Dealbreaker: He Brought A Dog On Our Date

“How about the Belmont at 8? It’ll be you, me, and Lulu,” he said.


“Lulu, my dog? The Belmont has outdoor seating, so I thought it’d be fun to bring her along.”

That bitch, I thought, but agreed to the plan nonetheless.

This was to be my second date with Max, who, on paper, was my dream guy. Jewish, wealthy, entrepreneurial, British, extremely educated. But our first date hadn’t felt quite right. So, I was hoping our second would feel more natural. Now Lulu was putting a wrench into all of that, completely destroying my totally-not-rehearsed conversation plan and shattering my super sexy and confident aura concept. Already, I imagined my obligatory aww-ing and cooing over Lulu, and saw Max’s attention distracted by her canine cuteness. 

It’s not that I dislike dogs, but I’d say I’m more of a cat person, if anything. But the fact of the matter is, I’ve never been a pet owner nor had pets as a kid (save for those blissful two months with Sophie Goldburn, the goldfish I won at the synagogue’s Purim carnival, who, tragically, “passed away”). I kind of feel like there’s a fundamental difference between people who have had pets and those who haven’t. I just don’t connect with other people’s animals. And while Max’s sweet and small rescue dog did seem to imply that he was a good and nurturing person, I was just slightly weirded out by sharing my date with her. And, being that it was only our second date, it did seem a little like, “Meeting the dog? Already?” When it comes to dating, I’m up for the unconventional, but in the beginning, I’m a traditional girl and I respect the formula and process. 

As it turned out, Lulu was quite adorable. She was friendly, loving, and so cute that she managed to attract the attention of three separate girls before we even made it to our table. “Wow, I’m surprised Lulu hasn’t been able to land you a girlfriend,” I offered nervously, immediately regretting saying it.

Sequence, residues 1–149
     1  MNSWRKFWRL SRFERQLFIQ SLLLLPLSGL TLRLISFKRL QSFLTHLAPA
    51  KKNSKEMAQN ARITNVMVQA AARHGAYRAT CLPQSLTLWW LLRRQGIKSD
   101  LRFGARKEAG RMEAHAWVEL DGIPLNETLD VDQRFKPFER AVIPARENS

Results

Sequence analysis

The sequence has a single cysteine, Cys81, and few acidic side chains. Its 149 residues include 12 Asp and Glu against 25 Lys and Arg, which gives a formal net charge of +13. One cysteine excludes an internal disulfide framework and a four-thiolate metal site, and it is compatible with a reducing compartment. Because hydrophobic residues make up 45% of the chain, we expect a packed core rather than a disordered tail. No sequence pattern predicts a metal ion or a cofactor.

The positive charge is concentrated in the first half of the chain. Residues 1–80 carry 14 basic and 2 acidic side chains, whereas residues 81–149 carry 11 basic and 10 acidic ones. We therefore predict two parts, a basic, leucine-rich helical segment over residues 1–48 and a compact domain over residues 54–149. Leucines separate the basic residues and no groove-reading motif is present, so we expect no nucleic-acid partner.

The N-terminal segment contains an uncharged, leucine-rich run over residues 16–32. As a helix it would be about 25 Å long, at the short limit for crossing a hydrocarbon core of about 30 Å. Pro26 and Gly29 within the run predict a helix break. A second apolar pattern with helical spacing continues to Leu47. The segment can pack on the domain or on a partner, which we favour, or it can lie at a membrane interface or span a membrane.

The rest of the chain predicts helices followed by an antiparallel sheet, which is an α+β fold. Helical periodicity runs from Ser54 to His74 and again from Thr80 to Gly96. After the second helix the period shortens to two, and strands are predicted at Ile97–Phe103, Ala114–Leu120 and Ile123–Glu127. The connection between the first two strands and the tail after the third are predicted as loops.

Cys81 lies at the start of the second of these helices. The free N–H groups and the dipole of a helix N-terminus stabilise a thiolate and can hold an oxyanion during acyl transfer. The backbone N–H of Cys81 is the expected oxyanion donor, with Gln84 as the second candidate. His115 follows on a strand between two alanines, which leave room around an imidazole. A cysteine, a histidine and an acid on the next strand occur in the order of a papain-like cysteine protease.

When we sat down, the group at the table next to us pounced on Lulu. All dog owners, they asked Max a million questions about Lulu, stroking her, feeding her snacks. In between exchanges with our neighbors, Max offered apologetic smiles. Despite my nagging fear that Lulu was Max’s tool for charming the ladies (and not just me) he was actually pretty cute about it all. Even when our neighbor said to me, “Well, and Lulu must be great for you. You guys probably have a lot of fun with her,” and I had to reply, “Uh, well, this is actually our second date,” Max had a way of glossing over the awkward parts.

As I had expected, we devoted a large portion of the evening to discussing and observing Lulu. But I started to realize that maybe some of that was my fault, too. Maybe there was a reason I wasn’t trying to guide the conversation elsewhere and why, during those tricky pauses, we’d just wait until she did something cute or funny. Over dessert, with Lulu seated next to me on the banquette, she began licking my elbow. 

“She’s really quite taken with you,” said Max. “She won’t do that with a lot of people.” I felt trapped, obliged to acknowledge the “it’s a sign” moment I was set up for, and question the truth behind it. 

As I looked down at her, I suddenly felt really bad. Hoping that Lulu had some sort of canine ESP, I silently transmitted a message to her as I rubbed her ears. You’re not so bad. I just want you to know that the affection I’m showing for you now is genuine. I’m just sorry if it doesn’t seem like that because you’ll probably never see me again. I’m sorry if you got attached. No hard feelings?